Limited funding in the face of the high demand for services has constrained the capacity of the Young Men's Clinic to implement several important activities, including the expansion of health education services at community venues. During the summer of 2003, however, the clinic applied for funding to launch a community-based health education and condom distribution intervention at 14 community-based organizations in Washington Heights and neighboring Harlem, and for an additional medical provider to serve newly recruited patients. If this intervention is funded, a health educator will deliver a three-session group curriculum that uses the social marketing cartoons and digital video. A slide program that walks men through a typical clinic visit by showing digital photos of staff (e.g., receptionists), space (e.g., the lab) and activities (e.g., taking blood pressure) will also be used. Men will be encouraged to visit the clinic for STD screening. Building on the success of the In Your Face school-based intervention, developed by the Center for Community Health and Education,18 the health educator will escort each young man who visits the Young Men's Clinic through his initial visit.
Although formative evaluations have informed the development of culturally sensitive outreach interventions such as the video and cartoons, and process evaluations (e.g., patient flow analyses, chart reviews and patient satisfaction surveys) have identified service delivery problems so that corrective action could be taken, funding constraints have limited the clinic's ability to conduct rigorous outcome evaluations. The clinic is currently seeking funding to support systematic evaluations of clinic interventions (e.g., the effectiveness of waiting room group activities on knowledge, beliefs and behaviors), as well as outcome studies that measure changes in condom use and partner communication among clinic users.
The sexual behavior of adolescent males has changed for the better in recent years.19 Nevertheless, more progress is needed to achieve not only the Healthy People 2010 goal of eliminating health disparities, but also increased condom use among adolescents who are sexually active, and lower rates of pregnancy and chlamydial infection.20 It is particularly important to increase primary and secondary prevention efforts that target men in their early 20s, who are more likely than younger males to engage in risky sexual behaviors and to have adverse reproductive health outcomes.21 Achieving reductions in sexual risk-taking among men in their early 20s similar to those observed among adolescent males could contribute to further declines in unintended pregnancy and STD rates among young women.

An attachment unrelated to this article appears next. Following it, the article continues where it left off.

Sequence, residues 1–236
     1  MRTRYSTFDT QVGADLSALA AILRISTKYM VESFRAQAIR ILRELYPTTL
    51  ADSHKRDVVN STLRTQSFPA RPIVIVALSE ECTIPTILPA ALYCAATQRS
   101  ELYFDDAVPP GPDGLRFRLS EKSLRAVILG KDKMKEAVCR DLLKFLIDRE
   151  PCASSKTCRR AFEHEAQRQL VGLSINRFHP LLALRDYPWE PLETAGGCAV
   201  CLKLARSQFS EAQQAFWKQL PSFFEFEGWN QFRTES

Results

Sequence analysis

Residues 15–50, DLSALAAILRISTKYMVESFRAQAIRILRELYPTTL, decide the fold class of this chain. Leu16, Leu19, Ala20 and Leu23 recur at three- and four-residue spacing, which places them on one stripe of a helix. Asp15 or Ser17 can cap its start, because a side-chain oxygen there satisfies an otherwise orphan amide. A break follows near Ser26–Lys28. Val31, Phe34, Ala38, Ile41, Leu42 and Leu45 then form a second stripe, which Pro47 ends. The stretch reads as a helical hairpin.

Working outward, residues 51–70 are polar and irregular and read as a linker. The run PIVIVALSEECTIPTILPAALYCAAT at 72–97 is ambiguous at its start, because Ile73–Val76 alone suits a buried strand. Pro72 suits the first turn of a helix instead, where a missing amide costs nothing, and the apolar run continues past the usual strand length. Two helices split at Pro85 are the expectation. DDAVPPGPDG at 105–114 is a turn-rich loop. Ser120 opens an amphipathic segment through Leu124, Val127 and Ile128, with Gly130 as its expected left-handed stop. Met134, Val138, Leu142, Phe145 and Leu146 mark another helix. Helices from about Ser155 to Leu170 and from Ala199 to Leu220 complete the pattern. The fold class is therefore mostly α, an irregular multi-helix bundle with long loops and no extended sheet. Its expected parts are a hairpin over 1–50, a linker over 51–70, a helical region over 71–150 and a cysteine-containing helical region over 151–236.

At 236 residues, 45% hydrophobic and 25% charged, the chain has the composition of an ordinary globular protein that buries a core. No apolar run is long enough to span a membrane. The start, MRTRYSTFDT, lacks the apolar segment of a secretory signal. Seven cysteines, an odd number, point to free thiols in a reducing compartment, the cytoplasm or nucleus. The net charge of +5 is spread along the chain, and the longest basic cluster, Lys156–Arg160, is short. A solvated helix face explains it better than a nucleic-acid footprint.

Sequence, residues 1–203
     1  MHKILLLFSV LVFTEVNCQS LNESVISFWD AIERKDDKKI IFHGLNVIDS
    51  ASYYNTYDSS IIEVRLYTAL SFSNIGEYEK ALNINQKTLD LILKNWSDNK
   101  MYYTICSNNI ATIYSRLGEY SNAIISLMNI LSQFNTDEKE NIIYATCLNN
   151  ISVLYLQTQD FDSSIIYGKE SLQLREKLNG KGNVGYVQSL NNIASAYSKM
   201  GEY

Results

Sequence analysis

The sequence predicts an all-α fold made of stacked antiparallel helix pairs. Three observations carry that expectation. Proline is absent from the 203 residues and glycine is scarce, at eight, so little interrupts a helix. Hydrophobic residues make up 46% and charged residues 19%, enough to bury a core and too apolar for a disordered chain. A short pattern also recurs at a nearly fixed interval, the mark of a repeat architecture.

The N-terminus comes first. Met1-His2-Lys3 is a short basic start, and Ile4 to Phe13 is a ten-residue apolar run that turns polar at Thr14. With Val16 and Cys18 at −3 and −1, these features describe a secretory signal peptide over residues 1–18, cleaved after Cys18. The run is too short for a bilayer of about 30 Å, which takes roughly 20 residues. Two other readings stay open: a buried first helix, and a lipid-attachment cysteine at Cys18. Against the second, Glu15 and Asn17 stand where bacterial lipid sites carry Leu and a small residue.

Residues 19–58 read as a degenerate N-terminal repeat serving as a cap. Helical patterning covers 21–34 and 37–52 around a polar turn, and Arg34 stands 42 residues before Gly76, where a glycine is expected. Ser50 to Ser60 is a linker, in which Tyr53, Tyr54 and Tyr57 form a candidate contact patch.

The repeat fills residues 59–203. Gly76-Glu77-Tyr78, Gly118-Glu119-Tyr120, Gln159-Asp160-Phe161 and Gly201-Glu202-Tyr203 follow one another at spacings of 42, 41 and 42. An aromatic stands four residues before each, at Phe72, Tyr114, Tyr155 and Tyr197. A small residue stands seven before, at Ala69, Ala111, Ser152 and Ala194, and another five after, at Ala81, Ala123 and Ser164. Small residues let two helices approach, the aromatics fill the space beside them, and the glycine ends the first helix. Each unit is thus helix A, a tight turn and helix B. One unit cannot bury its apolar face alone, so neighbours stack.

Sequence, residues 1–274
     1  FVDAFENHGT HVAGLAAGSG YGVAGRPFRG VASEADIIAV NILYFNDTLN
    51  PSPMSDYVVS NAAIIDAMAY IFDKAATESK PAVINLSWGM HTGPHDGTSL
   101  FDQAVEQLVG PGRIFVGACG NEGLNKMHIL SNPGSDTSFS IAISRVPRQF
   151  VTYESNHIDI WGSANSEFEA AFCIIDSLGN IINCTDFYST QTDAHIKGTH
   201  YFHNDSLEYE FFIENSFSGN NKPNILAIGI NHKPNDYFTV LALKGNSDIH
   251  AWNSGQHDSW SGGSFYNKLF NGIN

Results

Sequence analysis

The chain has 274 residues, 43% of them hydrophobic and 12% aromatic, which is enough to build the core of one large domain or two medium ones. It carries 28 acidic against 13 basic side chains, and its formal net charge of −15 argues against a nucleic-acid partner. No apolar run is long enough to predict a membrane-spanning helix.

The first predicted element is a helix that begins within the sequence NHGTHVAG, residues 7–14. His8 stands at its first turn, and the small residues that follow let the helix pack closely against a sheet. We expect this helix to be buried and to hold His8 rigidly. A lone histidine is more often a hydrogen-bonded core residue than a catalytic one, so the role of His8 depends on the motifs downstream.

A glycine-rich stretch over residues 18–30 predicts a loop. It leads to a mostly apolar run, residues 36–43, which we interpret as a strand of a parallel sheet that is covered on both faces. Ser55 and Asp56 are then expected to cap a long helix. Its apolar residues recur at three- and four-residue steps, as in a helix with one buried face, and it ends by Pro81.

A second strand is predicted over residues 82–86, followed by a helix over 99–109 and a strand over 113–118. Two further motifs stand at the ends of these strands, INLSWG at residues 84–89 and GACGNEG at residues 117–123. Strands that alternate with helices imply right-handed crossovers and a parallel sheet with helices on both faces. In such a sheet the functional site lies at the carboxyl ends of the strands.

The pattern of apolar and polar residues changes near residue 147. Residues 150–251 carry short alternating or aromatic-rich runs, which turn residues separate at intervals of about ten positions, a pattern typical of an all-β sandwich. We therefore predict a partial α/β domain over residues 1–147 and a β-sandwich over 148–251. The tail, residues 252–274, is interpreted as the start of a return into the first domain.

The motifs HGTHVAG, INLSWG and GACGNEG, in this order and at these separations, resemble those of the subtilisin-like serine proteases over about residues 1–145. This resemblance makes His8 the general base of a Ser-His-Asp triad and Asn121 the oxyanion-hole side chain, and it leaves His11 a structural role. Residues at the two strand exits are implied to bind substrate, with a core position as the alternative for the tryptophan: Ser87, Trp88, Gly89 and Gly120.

The Young Men's Clinic is successfully engaging young men of color who are poorly served by the U.S. health care system. To improve young men's access to comprehensive and integrated sexual and reproductive health care throughout the country, health organizations and community-based agencies will increasingly need to pool resources, strengthen linkages and craft strategies for incorporating sexual and reproductive health into services. Most important, public and private funding specifically earmarked for men's services must be increased.